Cheryl has a Motorola Moto G6, and she wants to use a YubiKey for password security. But her phone doesn't have NFC. What can she do? Leo says that she can get a Bluetooth authenticator key like YubiKey that works with Google's Authenticator app. The Google Titan Security Key is the one to get. It's $50. There's a USB and Bluetooth key for one price. So it'll work with her laptop too.
Bob has an LG G5 Android phone and his battery life is really bad. He was thinking about resetting it, just in case there's something running in the background that's wearing it down. Leo says that after two years, it could be that the battery is worn out to the point that it's time to replace it. The good news is, the G5 has a removable battery. But what about his authenticators? Will they stay enabled when he resets? Leo says probably not. They may have to be reenabled.
Tom heard that Authy is better than Google Authenticator. Is that true? Leo says that any authenticator will be better than no authenticator at all, especially when keeping password vaults protected. Most services offer 2 factor authentication now, but the danger there is that some SIMs can be duplicated or even hijacked with some creative social engineering. In fact, the authenticator can be re-routed. Authy sends a secret number and combines it with a time of day (hashing) that changes after 30 seconds.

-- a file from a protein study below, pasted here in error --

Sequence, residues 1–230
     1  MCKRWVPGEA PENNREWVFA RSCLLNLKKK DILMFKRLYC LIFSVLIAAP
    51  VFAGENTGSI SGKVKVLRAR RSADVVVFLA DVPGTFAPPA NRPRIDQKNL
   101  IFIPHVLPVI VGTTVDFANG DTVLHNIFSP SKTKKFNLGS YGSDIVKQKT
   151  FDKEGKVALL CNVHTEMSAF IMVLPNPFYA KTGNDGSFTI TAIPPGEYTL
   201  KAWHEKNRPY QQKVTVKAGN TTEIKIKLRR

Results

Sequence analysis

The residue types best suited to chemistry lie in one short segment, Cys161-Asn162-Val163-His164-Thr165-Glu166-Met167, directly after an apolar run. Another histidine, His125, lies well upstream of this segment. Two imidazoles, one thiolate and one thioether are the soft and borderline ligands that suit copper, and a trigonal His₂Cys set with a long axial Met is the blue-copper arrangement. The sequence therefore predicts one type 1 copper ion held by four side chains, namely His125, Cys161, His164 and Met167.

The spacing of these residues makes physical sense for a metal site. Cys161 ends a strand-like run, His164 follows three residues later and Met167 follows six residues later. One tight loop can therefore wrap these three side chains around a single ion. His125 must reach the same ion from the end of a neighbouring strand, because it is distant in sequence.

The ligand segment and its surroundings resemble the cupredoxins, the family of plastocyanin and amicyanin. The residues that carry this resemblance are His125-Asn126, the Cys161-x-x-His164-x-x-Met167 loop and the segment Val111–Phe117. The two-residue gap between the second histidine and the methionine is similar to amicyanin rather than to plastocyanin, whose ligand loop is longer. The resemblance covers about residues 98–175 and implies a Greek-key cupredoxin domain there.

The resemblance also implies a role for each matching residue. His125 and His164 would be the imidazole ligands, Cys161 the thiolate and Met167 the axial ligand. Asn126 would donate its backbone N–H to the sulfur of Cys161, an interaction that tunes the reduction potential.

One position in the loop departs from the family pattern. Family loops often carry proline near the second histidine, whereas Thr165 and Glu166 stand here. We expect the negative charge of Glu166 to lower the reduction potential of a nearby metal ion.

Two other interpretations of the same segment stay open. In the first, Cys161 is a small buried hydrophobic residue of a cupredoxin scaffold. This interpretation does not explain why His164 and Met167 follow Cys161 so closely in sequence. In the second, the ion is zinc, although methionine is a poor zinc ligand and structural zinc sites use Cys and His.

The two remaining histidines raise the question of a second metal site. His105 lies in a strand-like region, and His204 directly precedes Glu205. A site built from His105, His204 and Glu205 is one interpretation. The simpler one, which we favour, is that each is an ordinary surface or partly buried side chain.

Saren hasn't been receiving the two factor authentication code he normally gets for his Gmail account. He would normally get it through his Google Voice number. Leo says it's insecure to send those two factor codes through SMS, because someone could spoof his number and get the text message. Google may have even stopped supporting SMS in favor of its Google Authenticator app.
Taylor is moving from an iPhone to a Samsung Galaxy S4. He has two factor authentication set up on his current phone, and is wondering if there's an easier way to transfer it all to the new phone.